Generous ‘Angel’ completes his 100th flight

Flying high: Peter Moran and passengers Kyla, 8, and mum Tamara, at Bankstown after their Angel Flight from Hillston, NSW.

Flying high: Peter Moran and passengers Kyla, 8, and mum Tamara, at Bankstown after their Angel Flight from Hillston, NSW.

TYABB horse breeder Peter Moran spends much of each week flying around the country picking up patients and taking them to Sydney, Melbourne and Adelaide hospitals.

He’s part of Angel Flight, which offers flight services to the sick and injured living in regional areas. He and his team provide a fast, free and safe service to those requiring medical treatment.

Under the scheme, pilots donate their time and aircraft to transport outlying patients into the city for care, saving them long road trips that would be beyond their physical capabilities, especially if recovering from the effects of chemo and radiation therapies.

Mr Moran, 62, has just completed his 100th Angel Flight – this time from Hillston, western NSW, into Sydney. He flew from Tyabb – at his own expense – to Bankstown airport to collect a girl, 8, undergoing hospital treatment for serious injuries, and her mother.

His generosity saved the family a nine hour drive and allowed them to return home to recover in familiar surroundings.

While not all these patients win their battles with illness, it is clear that they get more out of life thanks to Angel Flight. Many do recover and are happy to acknowledge that the service has made a significant contribution towards their wellbeing.

“It’s a reality check for me,” Mr Moran said from his Stumpy Gully Rd property yesterday. “It brings home to me just how great my life has been and how lucky I am to be able to help others.”

After four years behind the controls of his Cessna 172, he still thrills to the smiles on the faces of his patients and the gratitude they have for someone content to help them for no reward.

One case involving a patient from Bright, in north-east Victoria, still has him emotionally involved years later: “I went up to transport a woman with stomach cancer and she vomited as soon as she got out of the car when she was driven to the airfield. I could see she was really ill.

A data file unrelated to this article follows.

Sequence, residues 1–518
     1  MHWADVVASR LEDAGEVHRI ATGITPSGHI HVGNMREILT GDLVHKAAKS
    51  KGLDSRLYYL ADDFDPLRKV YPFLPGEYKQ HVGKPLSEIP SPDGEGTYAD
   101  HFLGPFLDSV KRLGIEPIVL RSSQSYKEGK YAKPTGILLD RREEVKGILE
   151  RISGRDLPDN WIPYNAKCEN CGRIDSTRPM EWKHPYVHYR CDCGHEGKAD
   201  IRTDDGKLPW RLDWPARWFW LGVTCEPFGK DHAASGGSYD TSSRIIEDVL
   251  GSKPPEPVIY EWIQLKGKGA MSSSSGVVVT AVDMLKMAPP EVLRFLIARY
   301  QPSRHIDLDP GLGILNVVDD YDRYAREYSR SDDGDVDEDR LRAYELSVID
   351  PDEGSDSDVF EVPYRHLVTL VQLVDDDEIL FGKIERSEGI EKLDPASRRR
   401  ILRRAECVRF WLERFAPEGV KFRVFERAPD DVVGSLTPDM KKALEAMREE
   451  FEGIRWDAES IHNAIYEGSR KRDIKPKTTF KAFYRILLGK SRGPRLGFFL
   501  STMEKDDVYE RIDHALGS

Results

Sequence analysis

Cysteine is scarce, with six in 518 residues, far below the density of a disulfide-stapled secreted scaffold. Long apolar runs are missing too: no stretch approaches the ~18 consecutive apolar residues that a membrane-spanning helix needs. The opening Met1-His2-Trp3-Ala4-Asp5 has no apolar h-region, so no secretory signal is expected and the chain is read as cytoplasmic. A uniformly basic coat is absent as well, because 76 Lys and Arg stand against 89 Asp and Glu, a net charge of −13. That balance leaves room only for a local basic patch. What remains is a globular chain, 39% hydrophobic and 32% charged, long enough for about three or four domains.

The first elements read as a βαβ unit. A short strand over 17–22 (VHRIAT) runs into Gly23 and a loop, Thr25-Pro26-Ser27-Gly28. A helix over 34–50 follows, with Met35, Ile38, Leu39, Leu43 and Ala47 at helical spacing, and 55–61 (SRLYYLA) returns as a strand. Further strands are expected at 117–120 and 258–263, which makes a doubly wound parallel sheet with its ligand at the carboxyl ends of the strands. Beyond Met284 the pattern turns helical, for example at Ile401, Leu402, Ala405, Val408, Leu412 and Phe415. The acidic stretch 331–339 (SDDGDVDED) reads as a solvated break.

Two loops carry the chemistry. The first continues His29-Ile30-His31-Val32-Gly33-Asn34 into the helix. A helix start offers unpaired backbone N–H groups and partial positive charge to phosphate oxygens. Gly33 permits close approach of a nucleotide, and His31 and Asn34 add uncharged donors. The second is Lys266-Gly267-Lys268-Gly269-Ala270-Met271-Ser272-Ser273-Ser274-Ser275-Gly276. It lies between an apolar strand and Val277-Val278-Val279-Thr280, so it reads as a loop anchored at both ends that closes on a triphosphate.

“Flying her to the city for treatment was the only option and we made many flights together. I got to know her family and got personally attached to them.

“We probably bought her a year’s extra life and, of all my flights, that’s been the most meaningful.”

Giving to others runs in the family. Mr Moran’s wife, Janet, runs Riding for the Disabled on the peninsula and “gets a lot out of it.”

Up to 15 pilots from Tyabb have assisted with Angel flights over the years. “Once you see the difference it makes to people’s lives you get hooked,” Mr Moran said.

“As I get older I hope to do more for others. I feel privileged to have a pilot’s licence and to be healthy.”

To his surprise, in the early days he found that many patients had never been up in a light aircraft: some had never flown at all. “One lady from a remote area did not open her eyes once, even though I was pointing out the sights all the way. She was very apprehensive.”

Reaching 100 “missions” didn’t become a goal until he reached No. 94: “It was then that I thought I would really like to do it. It was that and also the respect I had for the patients.”

Peninsula Aero Club is full of praise for Mr Moran and the other Angel Flight volunteer pilots.

“They get up at the crack of dawn and fly out to collect patients up to a thousand kilometres away, then fly them into the city and back again,” vice president Jack Vevers said.

“Sometimes Peter will stay overnight, paying for his own accommodation, before collecting a patient in the morning. These are long days and often they are not home until well after dark – and all the while donating their own time and their aircraft.”

Although landing fees for Angel aircraft are waived and fuel is supplied by sponsors and donations to Angel Flight, normal running expenses far outstrip these minor contributions.

“On the upside I have been to places that I wouldn’t normally go,” Mr Moran said.

Angel Flight is looking for more community support, perhaps from those who could act as an Earth Angel who volunteers to pick up patients from the airport and drive them to hospital. Others may prefer to offer cash donations. Those interested should log onto for more information.

First published in the Western Port News – 7 July 2015

This article was amended on 8 July 2015. The earlier version stated “fuel is supplied by patients”. Fuel used on Angel Flights is paid for by sponsors and donations to Angel Flight. The service is free to patients. 

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